Research Project

Defining the principles that govern the neural output for touch receptors

Computational models of skin and neural output

August 26, 2020

Gregory J. Gerling, Lingtian Wan, Benjamin U. Hoffman, Yuxiang Wang, and Ellen A. Lumpkin

Despite past progress, the principles that govern the neural output for touch receptors have not been fully defined. We take an approach of combining computational models with experimental methods. Our work in collaboration of Dr. Ellen A. Lumpkin of Columbia University has sought to define rules in the end organ architecture of the Merkel cells and neurites that are innervated by slowly adapting type I afferents. We have built end organ models to show that the grouping of Merkel cells to heminodes strongly influence the sensitivity function of an afferent. Such computational single-unit models are built for neural afferents, comprising finite elements to capture skin mechanics, differential equations to represent sensory transduction, and integrate-and-fire models to mimic neural dynamics.

Overview of paper

Slowly-adapting type I (SAI) cutaneous afferents help us discriminate fine spatial details. Their physiology and anatomy are distinguished by their slow adaptation in firing to held stimuli and innervation of Merkel cells, respectively. How mechanotransduction currents in Merkel cells and sensory neurons combine to give rise to neural spike firing is unknown. In considering wildtype animals, as well as Atoh1 conditional knockout animals that lack Merkel cells, this effort employs a computational modeling approach constrained by biological measurements.

A computational model of mechanotransduction in the slowly adapting type I cutaneous afferent. Shown is current over a ramp and hold stimulus for multiple sub-components, including a slowly inactivating (SI) current modeled as originating from the Merkel cell and rapidly inactivating (RI) and ultra-slowly inactivating (USI) currents modeled as originating from the neurite terminal. All three currents are included within the generator function, which receives input of compressive stress from a finite element model. The finite element model takes probe force, as shown in the upper panel, as its input. The generated trace of compressive stress interior to the skin’s layers exhibits time-dependent viscoelastic relaxation. The currents that the generator function represents, in modeling one Merkel cell—neurite complex, are summed across a cluster of eight Merkel cell-neurite complexes feeding a heminode. It is this current, upon entering into a leaky integrate and fire model, which gives rise to predicted spike firing times. Note that for the sake of the simulation here, the irregular inter-spike intervals were unimportant so noise was removed from the model.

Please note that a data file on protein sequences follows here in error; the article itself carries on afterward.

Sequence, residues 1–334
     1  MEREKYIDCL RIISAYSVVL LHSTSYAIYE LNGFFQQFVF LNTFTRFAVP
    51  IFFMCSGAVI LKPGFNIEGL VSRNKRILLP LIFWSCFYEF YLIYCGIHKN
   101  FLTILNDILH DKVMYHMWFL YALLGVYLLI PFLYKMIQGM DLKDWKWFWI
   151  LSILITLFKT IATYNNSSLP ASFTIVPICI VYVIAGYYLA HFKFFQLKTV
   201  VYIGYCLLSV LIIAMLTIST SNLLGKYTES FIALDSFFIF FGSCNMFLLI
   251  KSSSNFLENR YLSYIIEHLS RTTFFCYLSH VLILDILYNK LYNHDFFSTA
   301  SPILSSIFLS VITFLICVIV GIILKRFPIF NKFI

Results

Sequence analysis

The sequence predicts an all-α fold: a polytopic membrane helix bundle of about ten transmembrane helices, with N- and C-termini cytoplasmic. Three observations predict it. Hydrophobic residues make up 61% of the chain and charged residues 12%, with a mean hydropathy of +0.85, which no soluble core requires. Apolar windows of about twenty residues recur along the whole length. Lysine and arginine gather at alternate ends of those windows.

For the developed generator function to recapitulate firing responses across genotype, a previously unsuspected current source is required that is ultra slowly adapting. Thus, the model makes specific predictions for future experimental studies.

Using computational approaches, constrained by biophysical measurements, we determine that matching the wildtype response requires extending the slowly inactivating (SI) time constant or adding an ultra slowly adapting (USI) decay. As is shown elsewhere in the paper, only the addition of an USI term is feasible in a Atoh1 knockout animal without Merkel cells.  I.e., when the SI term is taken away, the remaining rapidly inactivating (RI) channels are far too fast to re-capitulate the Atoh1 knockout response.

An ultra-slowly inactivating (USI) current is essential to drive the slow adaptation in firing in the sustained response. Without the USI component, the output IFF reaches a plateau and does not adapt as is typically observed for SAI afferents. Another potential way to achieve adaptation is to increase the time constant on the SI component of the model from 200 to 570 ms. However, the duration of this time constant is well outside empirically observed bounds.


  • Gerling, G.J., Wan, L., Hoffman, B.U., Wang, Y., and Lumpkin, E.A., Computation predicts rapidly adapting mechanotransduction currents cannot account for tactile encoding in Merkel cell-neurite complexes [DOI][PDF]. Plos Computational Biology, 2018.

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